Low-Cost Livestock Global Positioning System Collar from Commercial Off-the-Shelf Parts

Jason W. Karl, James E. Sprinkle

Research output: Contribution to journalArticlepeer-review

8 Scopus citations


Global Positioning System (GPS) tracking devices are a fundamental technology for quantifying the distribution and movement of livestock across landscapes. Although costs of GPS devices have decreased, it is still cost prohibitive to implement a large number of collars per study. Our objective was to develop and test a low-cost GPS collar using commercial off-the-shelf (COTS) electronic components to study livestock distribution and movement. Our COTS GPS tracker was built using the popular Arduino open-source microcontroller and a low-power timer board to cycle a GPS at defined intervals. Location data were saved to a data card in an open format for easy analysis. Total cost per COTS GPS device (including housing and collar) was $54.78. Average displacement from a known location and 95% circular error probability was 4.58 m, commensurate with other GPS collars. We tested durability and field performance of 25 COTS GPS collars against 24 existing GPS collars recording data at 5-min intervals in a southwest Idaho, United States study area. Our COTS GPS design and test showed that it is possible to manufacture low-cost location tracking devices, but the limitations of such devices must be considered relative to study objectives and duration. Low-cost location trackers will encourage collection of a higher density of location information to better understand patterns of livestock use in rangeland landscapes.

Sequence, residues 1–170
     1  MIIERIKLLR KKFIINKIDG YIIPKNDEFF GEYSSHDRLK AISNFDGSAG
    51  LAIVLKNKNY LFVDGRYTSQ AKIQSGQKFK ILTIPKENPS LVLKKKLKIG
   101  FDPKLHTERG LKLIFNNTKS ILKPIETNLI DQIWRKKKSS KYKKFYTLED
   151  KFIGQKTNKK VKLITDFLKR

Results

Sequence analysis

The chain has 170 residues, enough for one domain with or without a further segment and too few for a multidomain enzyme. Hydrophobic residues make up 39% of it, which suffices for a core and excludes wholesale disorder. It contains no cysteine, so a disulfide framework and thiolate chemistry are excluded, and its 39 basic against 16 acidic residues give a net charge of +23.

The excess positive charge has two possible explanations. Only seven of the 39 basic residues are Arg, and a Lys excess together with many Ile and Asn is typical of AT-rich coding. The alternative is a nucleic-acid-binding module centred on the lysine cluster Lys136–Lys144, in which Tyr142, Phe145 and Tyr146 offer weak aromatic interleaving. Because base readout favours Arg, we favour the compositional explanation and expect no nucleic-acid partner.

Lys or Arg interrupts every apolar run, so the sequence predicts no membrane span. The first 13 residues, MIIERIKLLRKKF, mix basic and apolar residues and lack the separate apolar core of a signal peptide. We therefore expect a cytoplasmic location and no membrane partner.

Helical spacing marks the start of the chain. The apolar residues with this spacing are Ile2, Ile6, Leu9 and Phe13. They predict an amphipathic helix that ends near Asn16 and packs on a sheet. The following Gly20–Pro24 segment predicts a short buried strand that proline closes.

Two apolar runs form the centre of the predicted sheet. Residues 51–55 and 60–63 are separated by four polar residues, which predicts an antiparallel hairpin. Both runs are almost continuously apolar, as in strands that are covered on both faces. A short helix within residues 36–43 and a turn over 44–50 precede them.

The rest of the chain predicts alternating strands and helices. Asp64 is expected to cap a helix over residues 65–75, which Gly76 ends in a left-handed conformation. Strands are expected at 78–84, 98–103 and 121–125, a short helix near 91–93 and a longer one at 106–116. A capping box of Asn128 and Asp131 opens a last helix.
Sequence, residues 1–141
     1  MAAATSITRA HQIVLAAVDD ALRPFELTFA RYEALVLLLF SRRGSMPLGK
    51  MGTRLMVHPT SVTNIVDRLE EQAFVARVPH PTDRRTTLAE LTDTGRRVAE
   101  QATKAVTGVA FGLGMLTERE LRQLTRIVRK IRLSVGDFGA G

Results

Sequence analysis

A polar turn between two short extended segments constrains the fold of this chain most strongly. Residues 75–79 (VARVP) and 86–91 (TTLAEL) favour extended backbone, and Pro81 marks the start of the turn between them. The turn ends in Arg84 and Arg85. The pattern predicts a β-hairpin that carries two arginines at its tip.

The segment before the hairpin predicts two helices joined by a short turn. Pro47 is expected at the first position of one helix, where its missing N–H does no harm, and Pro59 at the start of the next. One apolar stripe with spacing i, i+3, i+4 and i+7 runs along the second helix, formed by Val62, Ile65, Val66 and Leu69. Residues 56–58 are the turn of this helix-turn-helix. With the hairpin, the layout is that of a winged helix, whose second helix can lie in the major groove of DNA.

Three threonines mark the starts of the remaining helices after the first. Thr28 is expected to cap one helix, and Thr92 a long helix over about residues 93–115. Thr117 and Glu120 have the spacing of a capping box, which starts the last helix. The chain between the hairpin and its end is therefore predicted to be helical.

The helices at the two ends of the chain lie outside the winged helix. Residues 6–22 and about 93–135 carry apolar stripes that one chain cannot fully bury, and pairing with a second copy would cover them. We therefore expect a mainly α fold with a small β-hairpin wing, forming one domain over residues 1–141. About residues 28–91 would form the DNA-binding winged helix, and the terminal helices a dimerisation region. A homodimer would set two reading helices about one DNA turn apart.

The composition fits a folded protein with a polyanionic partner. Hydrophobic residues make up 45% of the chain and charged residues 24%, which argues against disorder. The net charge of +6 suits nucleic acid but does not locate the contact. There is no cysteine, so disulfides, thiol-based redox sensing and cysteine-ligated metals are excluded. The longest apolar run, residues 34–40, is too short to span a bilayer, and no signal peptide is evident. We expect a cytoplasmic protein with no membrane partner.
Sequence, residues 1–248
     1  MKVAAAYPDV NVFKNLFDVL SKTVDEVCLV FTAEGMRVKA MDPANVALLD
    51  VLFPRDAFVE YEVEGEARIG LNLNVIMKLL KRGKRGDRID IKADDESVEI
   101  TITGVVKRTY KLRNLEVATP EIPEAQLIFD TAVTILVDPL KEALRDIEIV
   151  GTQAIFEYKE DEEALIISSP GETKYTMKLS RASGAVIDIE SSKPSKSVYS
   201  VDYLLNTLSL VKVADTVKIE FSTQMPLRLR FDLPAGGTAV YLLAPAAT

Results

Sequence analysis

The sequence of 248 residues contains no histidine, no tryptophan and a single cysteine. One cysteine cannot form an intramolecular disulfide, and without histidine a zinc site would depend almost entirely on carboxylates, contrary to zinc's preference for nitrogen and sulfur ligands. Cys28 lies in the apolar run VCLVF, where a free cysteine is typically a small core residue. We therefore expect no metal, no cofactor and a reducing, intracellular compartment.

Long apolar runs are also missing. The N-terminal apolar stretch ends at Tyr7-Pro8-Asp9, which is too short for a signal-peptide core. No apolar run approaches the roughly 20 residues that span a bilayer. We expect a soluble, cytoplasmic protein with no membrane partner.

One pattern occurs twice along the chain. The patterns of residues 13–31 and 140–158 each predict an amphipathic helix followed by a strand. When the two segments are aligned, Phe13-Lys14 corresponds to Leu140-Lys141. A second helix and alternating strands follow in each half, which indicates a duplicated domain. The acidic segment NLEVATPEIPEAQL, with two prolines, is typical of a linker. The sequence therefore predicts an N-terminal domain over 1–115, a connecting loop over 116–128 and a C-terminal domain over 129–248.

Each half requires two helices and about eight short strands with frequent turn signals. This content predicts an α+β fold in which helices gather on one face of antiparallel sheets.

Original languageEnglish (US)
Pages (from-to)954-958
Number of pages5
JournalRangeland Ecology and Management
Issue number6
StatePublished - Nov 2019


  • Arduino
  • GPS location
  • Global Positioning System
  • animal tracking
  • livestock distribution

ASJC Scopus subject areas

  • Ecology
  • Animal Science and Zoology
  • Nature and Landscape Conservation
  • Management, Monitoring, Policy and Law


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